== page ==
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Is there a way to utilize multiple threads for computation using data.table in R? For example let's say i have the following data.table:

dtb <- data.table(id=rep(1:10000, 1000), x=1:1e7)
setkey(dtb, id)
f <- function(m) { #some really complicated function }
res <- dtb[,f(x), by=id]

Is there a way to get R to multithread this if f takes a while to compute? What about in the case that f is quick, will multithreading help or is most of the time going to be taken by data.table in splitting things up into groups?

share|improve this question
up vote 3 down vote accepted

I am not sure that this is "multi-threading", but perhaps you meant to include a multi-core solution? If so, then look at this earlier answer: Performing calculations by subsets of data in R found with a search for "[r] [data.table] parallel"

Edit: (doubling of speed on a 4 core machine, but my system monitor suggests this only used 2 cores during the mclapply call.) Code copied from this thread: http://r.789695.n4.nabble.com/Access-to-local-variables-in-quot-j-quot-expressions-tt2315330.html#a2315337

 calc.fake.dt.mclapply <- function (dt) {
     mclapply(6*c(1000,1:4,6,8,10),
              function(critical.age) {
                  dt$tmp <-  pmax((dt$age <  critical.age) * dt$x, 0)
                  dt[, cumsum.lag(tmp), by = grp]$V1})
 } 
 mk.fake.df <- function (n.groups=10000, n.per.group=70) {
    data.frame(grp=rep(1:n.groups, each=n.per.group),
               age=rep(0:(n.per.group-1), n.groups),
               x=rnorm(n.groups * n.per.group),
               ## These don't do anything, but only exist to give
               ## the table a similar size to the real data.
               y1=rnorm(n.groups * n.per.group),
               y2=rnorm(n.groups * n.per.group),
               y3=rnorm(n.groups * n.per.group),
               y4=rnorm(n.groups * n.per.group)) } 
 df <- mk.fake.df 
 df <- mk.fake.df()
 calc.fake.dt.lapply <- function (dt) { # use base lapply for testing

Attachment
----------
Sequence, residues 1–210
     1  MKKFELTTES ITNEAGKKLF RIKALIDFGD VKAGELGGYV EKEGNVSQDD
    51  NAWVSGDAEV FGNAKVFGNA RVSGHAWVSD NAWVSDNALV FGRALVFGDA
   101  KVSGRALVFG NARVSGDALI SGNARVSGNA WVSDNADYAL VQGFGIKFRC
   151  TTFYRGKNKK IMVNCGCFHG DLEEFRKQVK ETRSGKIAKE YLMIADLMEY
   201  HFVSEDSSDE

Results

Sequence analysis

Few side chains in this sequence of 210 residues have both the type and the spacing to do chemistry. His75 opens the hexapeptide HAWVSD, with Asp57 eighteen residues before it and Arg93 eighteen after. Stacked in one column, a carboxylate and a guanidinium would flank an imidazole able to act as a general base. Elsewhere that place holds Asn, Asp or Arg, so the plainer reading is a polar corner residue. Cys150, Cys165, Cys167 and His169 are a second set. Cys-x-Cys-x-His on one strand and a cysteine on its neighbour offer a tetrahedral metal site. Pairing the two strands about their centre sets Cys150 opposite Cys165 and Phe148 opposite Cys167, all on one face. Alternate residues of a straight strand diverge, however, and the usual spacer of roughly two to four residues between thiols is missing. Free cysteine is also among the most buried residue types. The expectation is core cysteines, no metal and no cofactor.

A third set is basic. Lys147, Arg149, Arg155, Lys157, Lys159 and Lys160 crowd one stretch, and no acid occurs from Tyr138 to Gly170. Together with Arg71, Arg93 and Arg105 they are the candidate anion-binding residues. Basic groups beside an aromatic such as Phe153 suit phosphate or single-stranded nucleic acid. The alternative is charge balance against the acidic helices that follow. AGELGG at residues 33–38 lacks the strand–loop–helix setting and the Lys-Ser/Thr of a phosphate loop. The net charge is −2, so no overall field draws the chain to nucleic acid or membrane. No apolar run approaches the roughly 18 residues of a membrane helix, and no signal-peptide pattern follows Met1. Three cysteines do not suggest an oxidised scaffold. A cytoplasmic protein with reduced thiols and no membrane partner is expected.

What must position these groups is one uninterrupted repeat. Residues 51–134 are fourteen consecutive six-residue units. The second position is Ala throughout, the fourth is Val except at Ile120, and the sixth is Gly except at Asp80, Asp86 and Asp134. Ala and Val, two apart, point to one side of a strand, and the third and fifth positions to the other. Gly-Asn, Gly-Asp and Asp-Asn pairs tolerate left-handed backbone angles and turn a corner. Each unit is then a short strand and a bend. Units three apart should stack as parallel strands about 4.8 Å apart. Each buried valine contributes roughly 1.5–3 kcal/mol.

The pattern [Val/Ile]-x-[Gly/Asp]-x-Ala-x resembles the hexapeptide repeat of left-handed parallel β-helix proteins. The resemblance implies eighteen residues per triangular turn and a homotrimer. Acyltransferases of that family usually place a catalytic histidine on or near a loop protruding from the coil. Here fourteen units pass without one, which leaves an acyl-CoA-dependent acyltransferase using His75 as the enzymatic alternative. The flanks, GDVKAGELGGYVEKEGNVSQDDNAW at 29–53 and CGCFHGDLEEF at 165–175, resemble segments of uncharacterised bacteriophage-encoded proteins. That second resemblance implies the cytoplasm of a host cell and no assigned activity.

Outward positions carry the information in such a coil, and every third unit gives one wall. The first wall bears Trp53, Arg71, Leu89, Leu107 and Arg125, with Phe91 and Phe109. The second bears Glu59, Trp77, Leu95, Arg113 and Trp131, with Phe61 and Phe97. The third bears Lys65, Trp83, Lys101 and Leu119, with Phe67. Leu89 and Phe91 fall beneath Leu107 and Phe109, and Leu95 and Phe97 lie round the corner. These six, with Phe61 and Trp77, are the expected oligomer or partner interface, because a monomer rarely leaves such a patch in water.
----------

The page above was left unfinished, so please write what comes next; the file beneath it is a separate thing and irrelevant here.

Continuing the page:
lapply(6*c(1000,1:4,6,8,10),
            function(critical.age) {
                dt$tmp <-  pmax((dt$age <  critical.age) * dt$x, 0)
                dt[, cumsum.lag(tmp), by = grp]$V1})
 } 
 mk.fake.dt <- function (fake.df) {
    fake.dt <- as.data.table(fake.df)
    setkey(fake.dt, grp, age)
    fake.dt
  } 
 dt <- mk.fake.dt()

require(data.table)
dt <- mk.fake.dt(df)

 cumsum.lag <- function (x) {
    x.prev <- c(0, x[-length(x)])
    cumsum(x.prev)
  } 
 system.time(res.dt.mclapply <- calc.fake.dt.mclapply(dt))
  user  system elapsed 
 1.896   4.413   1.210 

system.time(res.dt.lapply   <- calc.fake.dt.lapply(dt))
   user  system elapsed 
  1.391   0.793   2.175 
share|improve this answer
    
unnless i missed something they seem to suggesting using plyr with multiple cores which is unfortunately still much much slower than data.table... i didn't see anything with a data.table solution and multicore... – Alex Aug 18 '12 at 0:16
    
Were you looking at the second or the first answer. The first one did not use 'plyr' and did use foreach (which is a multi-core function). – 42- Aug 18 '12 at 0:18
1  
If you are satisfied with the speed of a non-parallelized approach, then why ask the question? – 42- Aug 18 '12 at 1:45
1  
i found this also helpful: r.789695.n4.nabble.com/… – Alex Aug 18 '12 at 3:15
1  
@Alex Glad DWin has sorted you out. FR#1241 has been outstanding for a while to Document multicore and other parallel use of data.table. In the meantime, as DWin correctly showed, it's a case of searching for the discussions to see how it's done. A few more are found by searching datatable-help for "multicore". – Matt Dowle Aug 20 '12 at 15:16

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